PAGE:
The New Testament writers often wrote of Christ’s “appearing,” and they never failed to convey the sense that this could happen imminently. “And now, little children, abide in Him, that when He appears, we may have confidence and not be ashamed before Him at His coming” (1 John 2:28; cf. 3:2; Col 3:4; 2 Tim 4:8; 1 Pet 5:4).

    All those texts suggest that in the early church expectation of Christ’s imminent return ran high. A solid conviction that Christ could return at any time permeates the whole NT. When the apostle Paul described the Lord’s coming for the church, he used personal pronouns that show he clearly was convinced he himself might be among those who would be caught up alive to meet the Lord: “We who are alive and remain until the coming of the Lord . . . . we who are alive and remain shall be caught up together with them in the clouds to meet the Lord in the air” (1 Thess 4:15, 17, emphasis added). He obviously looked for Christ to return in his lifetime. He furthermore made it plain that a watchful, hopeful expectancy about Christ’s Second Coming is one of the godly attitudes divine grace teaches all believers: “For the grace of God that brings salvation has appeared to all men, teaching us that, denying ungodliness and worldly lusts, we should live soberly, righteously, and godly in the present age, looking for the blessed hope and glorious appearing of our great God and Savior Jesus Christ” (Titus 2:11-13, emphasis added).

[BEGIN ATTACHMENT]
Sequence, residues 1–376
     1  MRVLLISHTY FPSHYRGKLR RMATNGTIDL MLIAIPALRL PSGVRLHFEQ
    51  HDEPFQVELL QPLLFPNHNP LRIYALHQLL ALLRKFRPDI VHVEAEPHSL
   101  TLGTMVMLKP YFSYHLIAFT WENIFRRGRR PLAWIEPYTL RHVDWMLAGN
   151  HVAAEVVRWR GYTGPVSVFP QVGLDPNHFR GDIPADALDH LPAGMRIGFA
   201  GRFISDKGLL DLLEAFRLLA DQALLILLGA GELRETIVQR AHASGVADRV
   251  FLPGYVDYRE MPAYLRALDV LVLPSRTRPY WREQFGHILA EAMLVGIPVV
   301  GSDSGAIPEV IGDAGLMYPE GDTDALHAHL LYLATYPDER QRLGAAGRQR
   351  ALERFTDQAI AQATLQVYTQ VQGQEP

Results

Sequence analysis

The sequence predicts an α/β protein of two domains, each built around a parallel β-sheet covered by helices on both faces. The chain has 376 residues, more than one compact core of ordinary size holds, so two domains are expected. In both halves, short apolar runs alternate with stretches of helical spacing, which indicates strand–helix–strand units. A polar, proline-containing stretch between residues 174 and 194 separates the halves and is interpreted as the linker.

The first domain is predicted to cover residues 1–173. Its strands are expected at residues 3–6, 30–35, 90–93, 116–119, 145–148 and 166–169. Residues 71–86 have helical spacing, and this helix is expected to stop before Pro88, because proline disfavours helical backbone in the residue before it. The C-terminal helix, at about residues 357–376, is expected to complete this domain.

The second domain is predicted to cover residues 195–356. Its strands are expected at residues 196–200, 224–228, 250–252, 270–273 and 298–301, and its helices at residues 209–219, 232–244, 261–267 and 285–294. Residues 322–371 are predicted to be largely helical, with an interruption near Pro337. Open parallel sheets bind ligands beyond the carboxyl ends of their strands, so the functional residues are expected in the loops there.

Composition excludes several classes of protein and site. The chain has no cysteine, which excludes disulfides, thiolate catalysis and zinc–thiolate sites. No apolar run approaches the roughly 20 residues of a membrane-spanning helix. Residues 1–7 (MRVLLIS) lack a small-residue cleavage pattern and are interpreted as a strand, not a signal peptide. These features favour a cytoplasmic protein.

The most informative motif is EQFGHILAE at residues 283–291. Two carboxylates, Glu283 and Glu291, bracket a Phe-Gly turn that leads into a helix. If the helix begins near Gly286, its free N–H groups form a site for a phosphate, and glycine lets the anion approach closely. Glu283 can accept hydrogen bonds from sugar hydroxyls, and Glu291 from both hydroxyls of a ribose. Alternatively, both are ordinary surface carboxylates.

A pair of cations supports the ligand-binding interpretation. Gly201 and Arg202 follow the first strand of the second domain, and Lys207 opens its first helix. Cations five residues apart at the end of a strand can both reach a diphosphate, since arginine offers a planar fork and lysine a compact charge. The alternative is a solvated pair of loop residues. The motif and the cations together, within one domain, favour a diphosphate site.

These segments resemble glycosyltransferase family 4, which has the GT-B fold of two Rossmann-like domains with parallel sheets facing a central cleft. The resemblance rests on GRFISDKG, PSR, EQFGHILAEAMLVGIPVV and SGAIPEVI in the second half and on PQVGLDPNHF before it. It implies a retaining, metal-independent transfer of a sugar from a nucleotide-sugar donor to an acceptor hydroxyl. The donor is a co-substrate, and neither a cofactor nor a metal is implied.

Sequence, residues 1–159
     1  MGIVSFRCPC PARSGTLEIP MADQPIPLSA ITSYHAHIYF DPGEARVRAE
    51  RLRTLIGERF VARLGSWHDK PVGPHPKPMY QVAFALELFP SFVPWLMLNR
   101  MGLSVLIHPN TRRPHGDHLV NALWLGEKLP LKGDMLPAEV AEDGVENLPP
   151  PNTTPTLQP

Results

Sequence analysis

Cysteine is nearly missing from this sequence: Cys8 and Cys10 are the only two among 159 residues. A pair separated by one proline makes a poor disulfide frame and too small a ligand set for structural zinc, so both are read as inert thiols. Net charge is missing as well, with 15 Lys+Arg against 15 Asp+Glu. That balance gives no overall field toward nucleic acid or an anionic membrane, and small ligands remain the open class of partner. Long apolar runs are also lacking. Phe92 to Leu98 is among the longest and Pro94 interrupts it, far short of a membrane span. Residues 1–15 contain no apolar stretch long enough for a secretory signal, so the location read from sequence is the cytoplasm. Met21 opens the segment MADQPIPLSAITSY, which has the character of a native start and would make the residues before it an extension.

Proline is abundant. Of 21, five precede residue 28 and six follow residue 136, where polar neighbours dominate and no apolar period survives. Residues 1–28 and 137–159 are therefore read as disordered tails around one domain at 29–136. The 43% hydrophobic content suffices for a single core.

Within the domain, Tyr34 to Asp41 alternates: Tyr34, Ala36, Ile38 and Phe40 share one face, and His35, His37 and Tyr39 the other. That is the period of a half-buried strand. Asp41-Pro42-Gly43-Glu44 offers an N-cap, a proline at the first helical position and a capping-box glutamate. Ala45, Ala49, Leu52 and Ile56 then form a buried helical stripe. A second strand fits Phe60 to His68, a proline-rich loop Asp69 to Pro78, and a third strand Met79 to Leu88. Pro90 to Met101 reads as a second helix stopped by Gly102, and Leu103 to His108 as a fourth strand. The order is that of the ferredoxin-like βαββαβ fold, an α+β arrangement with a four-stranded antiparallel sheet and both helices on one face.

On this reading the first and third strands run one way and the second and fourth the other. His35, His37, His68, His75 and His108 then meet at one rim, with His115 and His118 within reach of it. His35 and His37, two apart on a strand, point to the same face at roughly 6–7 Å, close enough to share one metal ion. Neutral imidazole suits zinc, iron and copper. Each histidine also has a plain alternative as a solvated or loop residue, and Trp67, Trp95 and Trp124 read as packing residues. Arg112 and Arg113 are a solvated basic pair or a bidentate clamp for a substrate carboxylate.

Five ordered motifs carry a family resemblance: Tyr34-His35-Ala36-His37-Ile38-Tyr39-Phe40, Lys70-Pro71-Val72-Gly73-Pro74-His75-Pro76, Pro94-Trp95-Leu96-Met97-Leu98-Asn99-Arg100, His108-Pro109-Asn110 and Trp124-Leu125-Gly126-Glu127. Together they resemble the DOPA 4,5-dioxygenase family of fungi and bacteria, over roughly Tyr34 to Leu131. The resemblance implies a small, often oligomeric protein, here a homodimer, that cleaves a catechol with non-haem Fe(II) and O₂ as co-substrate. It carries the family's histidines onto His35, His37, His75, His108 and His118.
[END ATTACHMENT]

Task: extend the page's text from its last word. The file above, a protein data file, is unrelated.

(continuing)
The bottom line is that scripture teaches number two repeatedly and beyond doubt so even if you are correct that large numbers of people disagree, I frankly just don’t care except to the extent that I feel the intense desire to communicate these four scriptural things in every forum possible in order to correct such incorrect thinking.

  5. Only if one makes the consistent literary and exegetical mistake of assuming all mentions of His coming have to do with the physical Second advent. It is clear beyond all shadow of a doubt that many notations of a coming have nothing to do with that second coming.

    This would include Matt 16 where he plainly said that some standing in His midst would not die until they saw Him coming in His kingdom. He said a similar thing to the High Priest and included the term coming on the clouds.

    MacArthur, as much as i respect him on soteriology, has a seriously flawed eschatology where he makes the same mistakes.